Many innovators and strategists are obsessed with predicting how the world will change in the future, and then they then try and develop new products and business models to fit this “new hypothetical world”. As Jeff Bezos describes, it can be even more valuable to figure out what will not change in the future.
My recent post about the effect of marketing contained a hypothesis about serious watch collectors: they will buy the recently released Furlan Marri (FM) watches but won’t wear them much. This post is about the brand, and why it represents a masterclass in product launches and marketing.
A post about the state of watch collecting, and a discussion about ways in which people collect watches, along with the impact of these choices.
As I began seeing more Furlan Marri watches shared on Instagram, I asked myself why someone would choose this watch in the morning, when looking at their watch box. I won’t go into the background story of the brand and the reasons this is an enormously popular release; Wei Koh wrote all about it here and you can read that if you want some background.
I just had a conversation with my buddy Ben (@koreahasseoul1) and I felt like the topic was worthy of a post. Incidentally he’s a pretty interesting collector, and I would urge you to chat to him too if you feel like you want some advice about your collection, or just to talk watches. I always appreciate his perspectives, and I am sure you will too. Ben and I spoke about how collecting has evolved, especially in the last two to three years.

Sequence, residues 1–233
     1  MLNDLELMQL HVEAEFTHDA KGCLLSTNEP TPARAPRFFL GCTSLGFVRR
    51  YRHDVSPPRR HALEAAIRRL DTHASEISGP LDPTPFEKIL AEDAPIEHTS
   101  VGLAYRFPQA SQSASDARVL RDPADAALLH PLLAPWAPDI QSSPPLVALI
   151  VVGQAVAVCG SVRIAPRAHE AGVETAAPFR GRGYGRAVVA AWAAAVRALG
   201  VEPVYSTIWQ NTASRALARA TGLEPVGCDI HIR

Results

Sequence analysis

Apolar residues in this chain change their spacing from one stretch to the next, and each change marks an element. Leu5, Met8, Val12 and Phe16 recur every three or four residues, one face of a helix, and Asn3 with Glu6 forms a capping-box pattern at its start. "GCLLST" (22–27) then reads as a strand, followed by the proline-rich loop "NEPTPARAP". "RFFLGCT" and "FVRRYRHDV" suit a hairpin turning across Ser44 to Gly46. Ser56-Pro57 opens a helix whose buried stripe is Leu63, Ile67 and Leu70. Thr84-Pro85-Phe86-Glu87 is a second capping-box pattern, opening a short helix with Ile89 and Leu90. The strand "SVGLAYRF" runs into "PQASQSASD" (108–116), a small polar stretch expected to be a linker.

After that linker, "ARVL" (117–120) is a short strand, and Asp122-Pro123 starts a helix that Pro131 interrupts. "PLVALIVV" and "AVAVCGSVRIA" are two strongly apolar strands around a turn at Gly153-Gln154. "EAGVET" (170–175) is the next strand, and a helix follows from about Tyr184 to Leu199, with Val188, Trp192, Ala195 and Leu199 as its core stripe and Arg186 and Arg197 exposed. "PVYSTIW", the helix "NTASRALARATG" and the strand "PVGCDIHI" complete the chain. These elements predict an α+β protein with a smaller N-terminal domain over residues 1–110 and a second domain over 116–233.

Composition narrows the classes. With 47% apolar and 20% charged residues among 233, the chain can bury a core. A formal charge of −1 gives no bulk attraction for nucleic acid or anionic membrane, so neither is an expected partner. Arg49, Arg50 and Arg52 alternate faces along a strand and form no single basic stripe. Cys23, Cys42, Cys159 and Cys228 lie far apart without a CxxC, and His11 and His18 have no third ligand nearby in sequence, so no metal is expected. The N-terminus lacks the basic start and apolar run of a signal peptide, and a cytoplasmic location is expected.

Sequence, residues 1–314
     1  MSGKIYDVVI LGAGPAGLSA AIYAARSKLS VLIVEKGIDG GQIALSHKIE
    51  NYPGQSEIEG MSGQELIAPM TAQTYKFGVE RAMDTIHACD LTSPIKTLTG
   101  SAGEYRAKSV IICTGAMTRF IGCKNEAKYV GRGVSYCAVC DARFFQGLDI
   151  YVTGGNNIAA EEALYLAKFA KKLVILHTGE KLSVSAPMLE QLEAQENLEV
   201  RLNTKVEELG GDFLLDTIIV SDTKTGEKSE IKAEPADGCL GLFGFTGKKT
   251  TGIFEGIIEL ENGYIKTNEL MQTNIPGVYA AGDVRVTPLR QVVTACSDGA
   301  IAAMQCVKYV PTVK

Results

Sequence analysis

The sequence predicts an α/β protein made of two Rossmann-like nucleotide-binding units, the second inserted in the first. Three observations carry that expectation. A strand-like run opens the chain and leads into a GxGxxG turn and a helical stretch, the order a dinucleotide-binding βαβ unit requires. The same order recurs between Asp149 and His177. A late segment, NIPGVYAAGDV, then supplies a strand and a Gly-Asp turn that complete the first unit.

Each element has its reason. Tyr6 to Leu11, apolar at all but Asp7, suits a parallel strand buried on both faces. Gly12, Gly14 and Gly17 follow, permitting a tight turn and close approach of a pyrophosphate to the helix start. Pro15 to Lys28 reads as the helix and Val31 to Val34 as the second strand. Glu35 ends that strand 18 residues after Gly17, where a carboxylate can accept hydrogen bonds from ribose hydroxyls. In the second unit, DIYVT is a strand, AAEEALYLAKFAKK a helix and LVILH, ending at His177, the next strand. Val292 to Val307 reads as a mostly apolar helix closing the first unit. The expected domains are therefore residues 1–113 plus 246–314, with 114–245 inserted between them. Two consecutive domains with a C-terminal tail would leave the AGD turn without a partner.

To summarise the concept; some people see the details in everything they do, like the fox, while others are great at having a singular vision, like the hedgehog. Going back to a critical distiction in the definition of the concept, Jim Collins says it perfectly: The Hedgehog Concept is not a goal to be the best, a strategy to be to be the best, an intention to be the best, a plan to be the best. It is an understanding of what you can be the best at. The distinction is absolutely crucial.
I have seen messages from journalists who are being contacted directly by the collaborator in this watch release, and they are being rudely chastised for something as simple as ‘liking a meme’ about the faulty watch! These journalists are being accused of, in summary, surrendering their own impartiality, by showing support to memes about the watch. Is this how low it goes?
After yesterday’s post… Someone reached out to me with his own experience and I will share it here today. These are simply screenshots of the various conversations, as-received.
Most collectors of independent watch brands will tell you that they love the watches, but more often than not, they deeply value the close connection or relationship they can build with the brand and the founders.
The word may sound stodgy. But courtesy and manners are still essential–particularly in business. shutterstock images The ‘elevator rule’: Don’t discuss the meeting till you’re out of the elevator … and the building. The word “etiquette” gets a bad rap. For one thing, it sounds stodgy and pretentious. And rules that are socially or morally…